Caroline Kögler

Deeply Affected: Reading Trans-Atlantic Journeys and the ‘Politics of Self-Preservation’ in Daniel Defoe’s Moll Flanders and Olaudah Equiano’s Interesting Narrative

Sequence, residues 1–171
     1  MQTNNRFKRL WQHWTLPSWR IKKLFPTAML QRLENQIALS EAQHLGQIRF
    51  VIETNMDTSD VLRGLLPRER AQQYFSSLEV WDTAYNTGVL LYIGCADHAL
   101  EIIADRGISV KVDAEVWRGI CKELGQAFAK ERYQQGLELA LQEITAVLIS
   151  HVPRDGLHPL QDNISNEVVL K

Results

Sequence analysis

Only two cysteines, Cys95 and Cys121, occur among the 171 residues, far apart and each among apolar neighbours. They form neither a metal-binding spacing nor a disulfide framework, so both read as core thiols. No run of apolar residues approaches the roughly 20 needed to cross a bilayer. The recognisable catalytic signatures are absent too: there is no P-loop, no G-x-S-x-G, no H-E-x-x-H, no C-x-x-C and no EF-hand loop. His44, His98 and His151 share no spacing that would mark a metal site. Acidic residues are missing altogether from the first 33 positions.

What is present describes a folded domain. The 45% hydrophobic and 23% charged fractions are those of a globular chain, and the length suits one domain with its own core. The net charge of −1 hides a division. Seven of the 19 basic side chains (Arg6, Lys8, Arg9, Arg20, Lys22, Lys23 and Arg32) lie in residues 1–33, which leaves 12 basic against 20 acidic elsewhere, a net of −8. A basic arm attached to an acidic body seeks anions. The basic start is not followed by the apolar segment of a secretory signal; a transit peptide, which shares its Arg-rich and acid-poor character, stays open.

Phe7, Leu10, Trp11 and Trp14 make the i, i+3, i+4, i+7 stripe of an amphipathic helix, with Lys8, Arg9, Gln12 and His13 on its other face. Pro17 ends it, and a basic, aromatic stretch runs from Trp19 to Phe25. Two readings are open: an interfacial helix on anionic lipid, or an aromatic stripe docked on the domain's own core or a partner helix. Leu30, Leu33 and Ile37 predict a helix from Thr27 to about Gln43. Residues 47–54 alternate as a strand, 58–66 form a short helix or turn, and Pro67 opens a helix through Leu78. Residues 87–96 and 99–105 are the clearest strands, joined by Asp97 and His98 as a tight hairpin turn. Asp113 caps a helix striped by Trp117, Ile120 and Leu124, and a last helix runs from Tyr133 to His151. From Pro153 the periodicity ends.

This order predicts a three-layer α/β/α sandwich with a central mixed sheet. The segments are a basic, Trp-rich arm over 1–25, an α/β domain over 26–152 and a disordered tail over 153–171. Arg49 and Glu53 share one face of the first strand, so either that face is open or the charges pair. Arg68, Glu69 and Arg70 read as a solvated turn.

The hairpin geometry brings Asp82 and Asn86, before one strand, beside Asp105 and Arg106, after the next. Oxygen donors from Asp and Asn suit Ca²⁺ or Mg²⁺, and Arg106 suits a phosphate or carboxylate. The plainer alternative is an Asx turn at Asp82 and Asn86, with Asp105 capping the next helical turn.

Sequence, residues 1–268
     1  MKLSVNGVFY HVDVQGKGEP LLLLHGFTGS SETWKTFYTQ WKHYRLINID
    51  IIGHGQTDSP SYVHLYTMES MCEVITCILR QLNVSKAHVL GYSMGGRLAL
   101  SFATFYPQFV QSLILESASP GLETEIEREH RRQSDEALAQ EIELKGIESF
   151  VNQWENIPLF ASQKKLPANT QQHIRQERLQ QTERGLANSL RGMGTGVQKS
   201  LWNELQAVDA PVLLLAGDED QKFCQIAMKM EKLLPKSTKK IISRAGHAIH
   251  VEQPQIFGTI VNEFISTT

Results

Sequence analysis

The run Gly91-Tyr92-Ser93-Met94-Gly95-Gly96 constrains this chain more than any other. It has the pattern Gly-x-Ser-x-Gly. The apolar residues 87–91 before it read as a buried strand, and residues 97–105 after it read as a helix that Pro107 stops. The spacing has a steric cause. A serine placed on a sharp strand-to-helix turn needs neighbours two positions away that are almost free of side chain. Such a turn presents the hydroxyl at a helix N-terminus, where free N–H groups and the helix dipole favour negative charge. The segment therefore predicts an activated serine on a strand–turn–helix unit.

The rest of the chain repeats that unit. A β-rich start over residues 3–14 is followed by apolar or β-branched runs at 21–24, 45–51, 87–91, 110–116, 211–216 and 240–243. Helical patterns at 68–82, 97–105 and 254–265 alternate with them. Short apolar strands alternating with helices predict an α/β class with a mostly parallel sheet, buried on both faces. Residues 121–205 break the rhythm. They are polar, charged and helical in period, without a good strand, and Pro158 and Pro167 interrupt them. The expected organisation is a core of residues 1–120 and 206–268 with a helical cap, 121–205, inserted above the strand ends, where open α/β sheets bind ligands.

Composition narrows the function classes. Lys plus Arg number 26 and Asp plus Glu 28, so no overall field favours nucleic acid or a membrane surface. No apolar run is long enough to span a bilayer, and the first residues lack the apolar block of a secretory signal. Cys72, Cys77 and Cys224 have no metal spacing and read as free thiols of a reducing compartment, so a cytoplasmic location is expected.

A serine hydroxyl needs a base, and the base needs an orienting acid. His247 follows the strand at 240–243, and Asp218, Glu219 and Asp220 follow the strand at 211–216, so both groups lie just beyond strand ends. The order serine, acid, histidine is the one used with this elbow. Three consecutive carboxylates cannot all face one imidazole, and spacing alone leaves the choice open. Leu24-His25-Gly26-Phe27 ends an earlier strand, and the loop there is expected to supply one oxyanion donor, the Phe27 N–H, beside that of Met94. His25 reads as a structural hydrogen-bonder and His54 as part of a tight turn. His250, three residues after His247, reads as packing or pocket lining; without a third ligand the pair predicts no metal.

This paper will focus on the Atlantic as an affective space, considering Daniel Defoe’s Moll Flanders and Olaudah Equiano’s Interesting Narrative in the light of various aspects of ‘the politics of emotion’ (e.g. Ahmed 2014). Engaging with ‘epistemes of saltwater’ both in the sense of ‘oceans’ and ‘tears’, I will investigate the diverse emotional meanings of trans-Atlantic crossings for Defoe’s protagonist Moll and their representations in Equiano’s autobiography. Empire is a central focus, twice functioning as a game-changer in Moll’s lot as her trans-Atlantic journeys to early colonial America facilitate, at least temporarily, a safe haven of happiness, financial security, and family bonding (see also Goshal Wallace 2010). For Equiano, they mean the opposite: the destruction of family attachments, the experience of slavery and suffering. A particular focus will be on what I call the ‘politics of self-preservation’: Who copes, with what, how, why, and with whose help? Which external factors support or undermine Moll / Equiano in their attempts at self-preservation? Reading Equiano’s autobiography next to Moll Flanders illuminates the extent to which the narrative of Moll’s self-preservation relies on early colonial discourses and their uneven politics of grievability. With his autobiography, Equiano can be seen as writing back to such narratives of white self-preservation, not only vividly representing the atrocious crimes of slavery, but also showing how these crimes impacted on individuals even after they attained the status of free men. In this context, it is crucial that Equiano gives detailed insights into his state of mental health in the second half of his autobiography, revealing him to be suffering and suicidal (181-189). The post-traumatic stress that is readable in his text has been explored less often than questions relating to his birthplace, to the text as a conversion narrative, and to Equiano’s savvy (self-)marketing strategies (Gillard 2016 is an exception). How does the representation of Equiano’s own suffering and coping strategies tie in with his abolitionist politics? I will also be interested in the significance of race and gender for the positionality of Moll / Equiano and the reception of their emotional expressions as either ‘appropriate’ or ‘inappropriate’.